The library’s new “Working Together” program also claims to “work with an information advocate on any information problem, access issue or obstacle of your choice. A library staff member or community volunteer will work with you, using a laptop computer and access to a phone, one-on-one for up to one hour, to help you overcome hurdles to housing, safety, education, health, income or well being.” You may have to do a “same day sign-up during Coffee Hour in front of the Downtown branch library at the corner Church St. & Center St. If anyone has successfully used this “program”, please contact HUFF at 423-4833 with the good news. More “info” at http://www.santacruzpl.org/
LIBRARY HAS BECOME ANTI-HOMELESS IN LAST FEW YEARS
Councilmembers Mathews and Terrazas voted some years ago to pass repressive rules in the Main Library regarding such Santa Cruz-special crimes as “sleeping” which have become cause for eviction and stay-away. Uniformed First Alarm “security” thugs have patrolled the premises (as well as regularly harassed Freedom Sleepers and others seeking shelter from the rain under the eaves of the public buildings). Mathews and Terrazas can be reached by phone at 420-5020. Their e-mails are cmathews [at] cityofsantacruz.com and dterrazas [at] cityofsantacruz.com .
Parks and Rec Dept boss Mauro Garcia continues to send out Rangers armed with ticket books and stay away orders to drive away homeless people sleeping at night in the forbidden zones outside the library as well as overseeing destruction of the grassy areas at City Hall. Let him know, it’s time to restore these spaces to the public–housed and homeless: mgarcia @cityofsantacruz.com phone: 420-5270
Some homeless folks report harassment and exclusion from the library by the roaming First Alarmists; others suggest that the pressure has tapered off. Contact Food Not Bombs at the Saturday and Sunday meals at the Main Post office 4-6 PM with real news.
SHELTER FOR THE FEW
The Association of Faith Communities $300,000 shelter program is “expanding” to 110 with a second shelter at the Salvation Army. Rumors are they may be moving their intake area from the less-accessible past-the-Tannery location to the Salvation Army itself. The program, along with the occasionally-open Warming Center accommodates around 5% of the County’s homeless population. Meanwhile there continues to effectively be no emergency shelter at the Homeless (Lack of) Services Center at Coral St. as well as no meals for those with no “pathway to housing”.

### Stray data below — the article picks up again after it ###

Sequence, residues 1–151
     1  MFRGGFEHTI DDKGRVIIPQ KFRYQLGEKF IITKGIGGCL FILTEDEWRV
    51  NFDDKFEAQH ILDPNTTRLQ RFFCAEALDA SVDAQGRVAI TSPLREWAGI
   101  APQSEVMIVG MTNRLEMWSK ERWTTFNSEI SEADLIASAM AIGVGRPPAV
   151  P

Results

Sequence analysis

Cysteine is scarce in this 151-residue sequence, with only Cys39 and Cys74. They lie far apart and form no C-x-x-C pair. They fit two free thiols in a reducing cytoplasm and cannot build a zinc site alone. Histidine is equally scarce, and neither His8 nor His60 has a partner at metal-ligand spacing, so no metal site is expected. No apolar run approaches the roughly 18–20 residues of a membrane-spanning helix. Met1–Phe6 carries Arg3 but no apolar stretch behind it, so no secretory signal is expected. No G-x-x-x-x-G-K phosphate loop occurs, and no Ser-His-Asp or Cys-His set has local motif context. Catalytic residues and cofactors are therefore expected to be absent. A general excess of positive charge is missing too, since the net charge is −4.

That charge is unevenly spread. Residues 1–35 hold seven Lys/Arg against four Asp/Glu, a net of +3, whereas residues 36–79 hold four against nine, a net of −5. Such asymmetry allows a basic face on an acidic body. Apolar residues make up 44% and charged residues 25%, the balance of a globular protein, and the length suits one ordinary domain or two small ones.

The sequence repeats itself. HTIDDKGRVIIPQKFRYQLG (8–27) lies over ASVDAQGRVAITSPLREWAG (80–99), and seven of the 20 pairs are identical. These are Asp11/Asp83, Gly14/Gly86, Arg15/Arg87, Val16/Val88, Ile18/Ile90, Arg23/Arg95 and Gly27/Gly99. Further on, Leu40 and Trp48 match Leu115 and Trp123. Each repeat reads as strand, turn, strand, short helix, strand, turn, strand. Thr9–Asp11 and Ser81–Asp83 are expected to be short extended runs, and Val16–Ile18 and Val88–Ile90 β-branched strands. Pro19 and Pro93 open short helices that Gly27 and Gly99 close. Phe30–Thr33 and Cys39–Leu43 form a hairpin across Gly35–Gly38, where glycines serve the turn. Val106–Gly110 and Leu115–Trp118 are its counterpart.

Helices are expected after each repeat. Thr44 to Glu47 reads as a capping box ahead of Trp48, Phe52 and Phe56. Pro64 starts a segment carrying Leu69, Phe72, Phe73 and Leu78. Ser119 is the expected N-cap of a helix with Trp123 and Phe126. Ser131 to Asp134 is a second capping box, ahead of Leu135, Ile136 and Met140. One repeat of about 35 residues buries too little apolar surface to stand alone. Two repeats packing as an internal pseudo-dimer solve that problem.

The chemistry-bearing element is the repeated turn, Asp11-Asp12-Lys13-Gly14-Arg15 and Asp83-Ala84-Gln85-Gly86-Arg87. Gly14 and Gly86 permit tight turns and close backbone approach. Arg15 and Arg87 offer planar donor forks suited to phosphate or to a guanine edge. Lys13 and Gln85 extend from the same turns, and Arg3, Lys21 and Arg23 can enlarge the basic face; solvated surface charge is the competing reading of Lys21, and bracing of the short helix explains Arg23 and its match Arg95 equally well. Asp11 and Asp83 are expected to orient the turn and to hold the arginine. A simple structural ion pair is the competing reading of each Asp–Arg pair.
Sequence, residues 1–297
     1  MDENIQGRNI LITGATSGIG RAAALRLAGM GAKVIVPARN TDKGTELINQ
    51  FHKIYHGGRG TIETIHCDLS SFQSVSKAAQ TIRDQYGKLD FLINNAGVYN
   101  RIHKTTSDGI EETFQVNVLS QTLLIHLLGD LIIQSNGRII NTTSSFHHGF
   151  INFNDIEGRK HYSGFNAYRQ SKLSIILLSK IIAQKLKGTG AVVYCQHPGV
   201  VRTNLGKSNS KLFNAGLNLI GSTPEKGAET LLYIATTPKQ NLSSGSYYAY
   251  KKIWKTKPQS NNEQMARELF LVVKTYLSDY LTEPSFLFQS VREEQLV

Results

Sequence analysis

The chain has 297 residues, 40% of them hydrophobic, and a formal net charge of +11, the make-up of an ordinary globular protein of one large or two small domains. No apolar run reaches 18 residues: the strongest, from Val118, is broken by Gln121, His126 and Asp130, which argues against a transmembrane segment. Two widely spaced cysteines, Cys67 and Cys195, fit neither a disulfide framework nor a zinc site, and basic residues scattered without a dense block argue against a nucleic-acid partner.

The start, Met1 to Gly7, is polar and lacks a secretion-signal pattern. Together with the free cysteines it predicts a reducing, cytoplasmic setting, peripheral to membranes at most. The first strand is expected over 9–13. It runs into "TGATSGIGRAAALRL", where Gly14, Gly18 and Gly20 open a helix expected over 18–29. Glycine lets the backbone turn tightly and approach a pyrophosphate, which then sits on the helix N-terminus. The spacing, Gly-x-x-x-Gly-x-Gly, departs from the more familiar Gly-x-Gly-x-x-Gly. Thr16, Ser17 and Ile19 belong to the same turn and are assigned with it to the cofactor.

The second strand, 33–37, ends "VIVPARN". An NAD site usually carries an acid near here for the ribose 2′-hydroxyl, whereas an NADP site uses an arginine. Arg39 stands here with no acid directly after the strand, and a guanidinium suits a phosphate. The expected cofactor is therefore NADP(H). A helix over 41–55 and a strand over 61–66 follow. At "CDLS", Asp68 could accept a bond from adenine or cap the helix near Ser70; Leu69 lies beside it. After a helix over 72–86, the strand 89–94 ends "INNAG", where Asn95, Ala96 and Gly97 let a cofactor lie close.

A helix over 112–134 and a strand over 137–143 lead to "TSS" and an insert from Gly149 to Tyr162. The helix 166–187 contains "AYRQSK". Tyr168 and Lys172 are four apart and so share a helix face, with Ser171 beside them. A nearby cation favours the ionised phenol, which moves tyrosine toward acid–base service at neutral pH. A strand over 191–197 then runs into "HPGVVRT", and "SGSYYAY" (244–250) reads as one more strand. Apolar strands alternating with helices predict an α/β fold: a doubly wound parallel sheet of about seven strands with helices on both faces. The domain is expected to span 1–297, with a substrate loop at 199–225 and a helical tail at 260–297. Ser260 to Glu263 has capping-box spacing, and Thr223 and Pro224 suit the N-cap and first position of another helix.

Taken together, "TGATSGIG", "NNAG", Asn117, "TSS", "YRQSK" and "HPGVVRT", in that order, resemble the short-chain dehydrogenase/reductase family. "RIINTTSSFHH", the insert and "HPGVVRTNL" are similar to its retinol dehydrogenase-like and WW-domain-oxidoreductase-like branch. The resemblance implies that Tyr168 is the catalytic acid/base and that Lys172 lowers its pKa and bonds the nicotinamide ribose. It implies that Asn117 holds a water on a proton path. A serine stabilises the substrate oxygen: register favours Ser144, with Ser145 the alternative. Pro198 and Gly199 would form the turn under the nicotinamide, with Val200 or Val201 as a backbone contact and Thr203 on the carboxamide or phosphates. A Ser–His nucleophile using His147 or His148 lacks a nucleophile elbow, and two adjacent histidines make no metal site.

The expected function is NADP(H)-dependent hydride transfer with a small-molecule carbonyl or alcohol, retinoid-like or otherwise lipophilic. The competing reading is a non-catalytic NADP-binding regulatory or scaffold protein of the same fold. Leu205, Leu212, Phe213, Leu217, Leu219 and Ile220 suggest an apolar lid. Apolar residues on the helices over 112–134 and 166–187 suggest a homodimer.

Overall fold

BERKELEY BROADSIDE FROM “FIRST THEY CAME FOR THE HOMELESS”
The “Poor Tour”–an ever resurgent encampment/community in Berkeley has weathered its 13 bust-and-move in the dead of winter. It’s now located in the “Gourmet Grotto” of Berkeley at the far end of Shattuck Ave. Details at their facebook page and at https://www.indybay.org/
VIDEO THE MARAUDING MEANIES
With a week of rain predicted in the days ahead, folks with video capability on their phones or other devices should pause to protest, witness, record, and post any instances of uniformed thugs driving homeless people out into the rain. The only protection for the community’s civil rights is action by the community.
The show will also archive at http://radiolibre.org/brb/
Newly-elected Councilman Chris Krohn will be interrogated around various issues. These include Council transparency and accountability, restoring public spaces, immediate cessation of the raids on homeless encampments and individuals, rent control, and his own proposed programs.
Krohn was Mayor in 2002, ran unsuccessfully for Supervisor and has written occasionally on political and activist subjects. I and other homeless activists wrote about his administration and its refusal in the main to advocate for human rights for those outside. See the 2002 Street Spirit stories at http://www.huffsantacruz.org/
Has the former Councilmember grown a new set of wings and balls?
This year Krohn has kept up with the “politically acceptable” liberal positions of the day such as former Mayor Lane’s belated, partial, and failed Sleeping Ban repeal proposal of last March. He has also jumped on the bandwagon of those betrayed by Bernie last summer.
Krohn did speak about ending the Sleeping Ban in his opening Council speech on December 13th. And the After-Burn Coalition (the “New City Council” group) did also raise that issue as a rallying point.
Since Krohn does not have the potential majority he had and didn’t use in 2002, it remains too be seen whether in 2017 his rhetoric can be turned into concrete action. Such actions might be facilitating public records act requests, raising issues on which he will lose in the short run, but educate in the longer haul, and using the prerogatives of office to spotlight rather than rubbersgtamp staff abuses. However, there’s often a yawning gap between campaign promises (or statements made on the radio) and their fulfillment.
We often find to our chagrin that those in power don’t need to act on their rhetoric since they can’t be held accountable for it.
I may be adding my own additions to call in questions to sharpen the discussion.